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The Top Gear car review: Kia Rio
For:Good equipment, solid practicality, warranty
Against:Road noise, slightly dull drive and looks
What is it?
For several generations the Kia Rio slaved away offering a solid value, practical proposition that was overlooked in favour of more eye-catching rivals. If you did the maths it was a worthwhile option, but it wasn’t until 12 years in and its third generation that Kia hired hotshot German designer Peter Schreyer to give it a makeover. Suddenly people were paying attention – same old Kia reliability and aftermarket support, now with a stylish new look.
It needs to work hard, the Rio, because it sits in perhaps the hardest fought category of them all, the supermini. It’s up against the likes of the Vauxhall Corsa, Peugeot 208, Skoda Fabia and Ford Fiesta – all worthy contenders with much to recommend them. It also faces stiff competition from the car it shares a platform with, the i20 from sister manufacturer Hyundai.
Now in its fourth generation, the Rio was overhauled back in 2017 and recently got a bit of a facelift to keep pace with rivals. Global, the Rio is Kia’s worldwide bestseller, but in the UK it is somewhat overshadowed by the competition and outsold in the Kia stable by the Sportage SUV and Ceed family hatch.
What stood out as a new look for Kia in 2011 has since dulled into familiarity, and the same old problem looms for the Rio, as buyers flock to cars that are more stylish, or better to drive. This hard-working supermini has never quite managed to shake off the impression that it’s for people who see cars in the same vein as their household electrical appliances rather than true motoring enthusiasts.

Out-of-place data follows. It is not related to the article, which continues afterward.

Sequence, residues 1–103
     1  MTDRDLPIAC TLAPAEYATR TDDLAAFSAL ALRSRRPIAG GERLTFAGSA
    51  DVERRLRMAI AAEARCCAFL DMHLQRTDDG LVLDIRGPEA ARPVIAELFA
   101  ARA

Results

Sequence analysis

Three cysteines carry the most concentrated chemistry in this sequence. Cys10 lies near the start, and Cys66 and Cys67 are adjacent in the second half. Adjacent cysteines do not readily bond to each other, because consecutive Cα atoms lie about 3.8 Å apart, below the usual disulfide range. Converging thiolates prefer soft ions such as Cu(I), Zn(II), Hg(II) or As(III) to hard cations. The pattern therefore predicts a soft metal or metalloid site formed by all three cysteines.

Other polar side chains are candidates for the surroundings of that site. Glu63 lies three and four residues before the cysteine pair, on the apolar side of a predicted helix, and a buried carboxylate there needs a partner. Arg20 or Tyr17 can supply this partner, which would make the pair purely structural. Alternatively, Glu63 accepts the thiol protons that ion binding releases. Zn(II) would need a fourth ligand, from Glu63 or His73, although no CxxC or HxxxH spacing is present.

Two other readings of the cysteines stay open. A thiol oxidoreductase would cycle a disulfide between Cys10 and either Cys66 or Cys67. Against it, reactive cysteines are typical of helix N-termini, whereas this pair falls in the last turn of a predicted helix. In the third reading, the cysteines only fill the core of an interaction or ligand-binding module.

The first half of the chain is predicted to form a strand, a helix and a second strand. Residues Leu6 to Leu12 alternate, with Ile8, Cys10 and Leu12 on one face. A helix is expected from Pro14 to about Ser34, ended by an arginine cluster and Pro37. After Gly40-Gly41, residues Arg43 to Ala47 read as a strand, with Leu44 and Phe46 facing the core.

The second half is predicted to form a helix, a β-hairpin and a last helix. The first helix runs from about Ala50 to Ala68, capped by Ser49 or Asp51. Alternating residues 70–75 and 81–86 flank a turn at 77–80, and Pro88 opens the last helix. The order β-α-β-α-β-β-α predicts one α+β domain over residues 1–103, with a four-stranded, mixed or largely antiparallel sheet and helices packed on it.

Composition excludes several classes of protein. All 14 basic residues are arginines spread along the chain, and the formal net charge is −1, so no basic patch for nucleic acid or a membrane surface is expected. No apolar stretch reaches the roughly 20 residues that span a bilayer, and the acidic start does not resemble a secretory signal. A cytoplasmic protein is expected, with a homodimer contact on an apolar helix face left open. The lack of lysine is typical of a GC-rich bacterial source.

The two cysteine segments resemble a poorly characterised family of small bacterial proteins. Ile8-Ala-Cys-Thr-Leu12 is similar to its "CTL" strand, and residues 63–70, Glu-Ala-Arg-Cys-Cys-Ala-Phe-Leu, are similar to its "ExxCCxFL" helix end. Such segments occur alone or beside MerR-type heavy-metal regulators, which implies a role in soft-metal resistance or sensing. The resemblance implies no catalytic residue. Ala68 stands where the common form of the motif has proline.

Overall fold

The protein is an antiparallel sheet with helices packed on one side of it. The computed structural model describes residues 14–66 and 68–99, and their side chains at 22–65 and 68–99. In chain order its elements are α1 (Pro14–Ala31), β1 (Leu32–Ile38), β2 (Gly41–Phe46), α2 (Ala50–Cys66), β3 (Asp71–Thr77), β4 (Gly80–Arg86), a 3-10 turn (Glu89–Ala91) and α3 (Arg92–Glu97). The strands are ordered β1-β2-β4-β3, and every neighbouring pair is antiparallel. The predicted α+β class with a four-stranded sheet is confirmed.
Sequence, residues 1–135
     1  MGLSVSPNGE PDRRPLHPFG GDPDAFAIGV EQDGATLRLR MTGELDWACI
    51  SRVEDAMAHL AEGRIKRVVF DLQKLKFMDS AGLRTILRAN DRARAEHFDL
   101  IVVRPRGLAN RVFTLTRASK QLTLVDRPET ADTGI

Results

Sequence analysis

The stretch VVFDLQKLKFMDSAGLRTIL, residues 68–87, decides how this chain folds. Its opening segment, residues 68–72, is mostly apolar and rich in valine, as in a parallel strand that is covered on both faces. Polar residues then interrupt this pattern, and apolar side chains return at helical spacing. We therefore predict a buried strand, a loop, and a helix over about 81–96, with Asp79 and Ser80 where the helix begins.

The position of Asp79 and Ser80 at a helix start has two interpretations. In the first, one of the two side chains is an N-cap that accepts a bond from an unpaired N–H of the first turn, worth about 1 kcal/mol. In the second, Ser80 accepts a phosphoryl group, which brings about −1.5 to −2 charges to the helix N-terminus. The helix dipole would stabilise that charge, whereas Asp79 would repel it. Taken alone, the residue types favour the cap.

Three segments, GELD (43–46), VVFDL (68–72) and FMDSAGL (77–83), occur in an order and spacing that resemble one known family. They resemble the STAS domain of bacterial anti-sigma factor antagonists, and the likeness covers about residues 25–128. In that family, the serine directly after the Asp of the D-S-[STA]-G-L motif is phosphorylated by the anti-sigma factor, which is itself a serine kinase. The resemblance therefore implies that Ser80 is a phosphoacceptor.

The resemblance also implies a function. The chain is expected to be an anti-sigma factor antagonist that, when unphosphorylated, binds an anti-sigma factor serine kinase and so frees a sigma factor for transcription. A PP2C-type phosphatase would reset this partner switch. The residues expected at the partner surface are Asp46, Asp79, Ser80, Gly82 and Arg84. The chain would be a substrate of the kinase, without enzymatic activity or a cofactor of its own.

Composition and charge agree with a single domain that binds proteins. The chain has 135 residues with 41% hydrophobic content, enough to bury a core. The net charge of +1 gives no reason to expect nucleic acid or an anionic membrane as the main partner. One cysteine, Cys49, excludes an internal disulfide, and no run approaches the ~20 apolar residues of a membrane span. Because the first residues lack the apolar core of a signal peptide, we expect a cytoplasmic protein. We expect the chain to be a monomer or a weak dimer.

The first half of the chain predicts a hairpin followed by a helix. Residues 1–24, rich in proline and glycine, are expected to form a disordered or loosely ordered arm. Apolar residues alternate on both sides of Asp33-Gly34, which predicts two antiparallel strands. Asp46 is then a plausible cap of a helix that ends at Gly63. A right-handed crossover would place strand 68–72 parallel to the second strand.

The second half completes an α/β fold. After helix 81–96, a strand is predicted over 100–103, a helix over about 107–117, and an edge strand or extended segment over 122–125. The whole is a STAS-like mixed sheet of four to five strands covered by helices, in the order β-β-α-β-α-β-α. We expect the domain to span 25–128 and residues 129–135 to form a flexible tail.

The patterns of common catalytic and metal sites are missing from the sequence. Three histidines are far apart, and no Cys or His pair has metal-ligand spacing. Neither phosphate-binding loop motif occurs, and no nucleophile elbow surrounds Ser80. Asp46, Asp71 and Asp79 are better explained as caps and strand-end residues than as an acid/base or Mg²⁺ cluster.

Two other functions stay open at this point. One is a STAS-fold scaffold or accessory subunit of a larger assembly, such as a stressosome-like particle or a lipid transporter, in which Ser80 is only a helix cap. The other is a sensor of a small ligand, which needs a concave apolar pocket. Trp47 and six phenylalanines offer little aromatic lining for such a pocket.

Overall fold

The latest Rio dropped the three-door option because of low demand, and while rivals get all-electric options, the Korean car’s recent mid-life facelift has introduced a 48V mild hybrid powertrain aimed at boosting economy while keep the purchase price down. Will that be enough?
Don’t blink, otherwise you’ll miss the changes that Kia has made to keep it small car looking fresh – the firm’s signature ‘tiger nose’ front end remains, but it doesn’t have the same impact as it did when it was introduced 10 years ago. Indeed, there are better looking, more distinctive superminis out there if style is what you’re after.
Trim options have been streamlined, with the Rio available in four specs named 1, 2, 3… and the top spec GT-Line S model is the odd one out.
The engine range has been similarly slimmed down – there are two different motors, an 83bhp 1.2-litre petrol that comes with a five-speed manual gearbox in 1 or 2 trim, or a 1.0-litre 3cyl option that comes in either 99bhp (just on the 2 model) or 118bhp guise (3 upwards) and with six-speed manual or seven-speed DCT automatic gearboxes.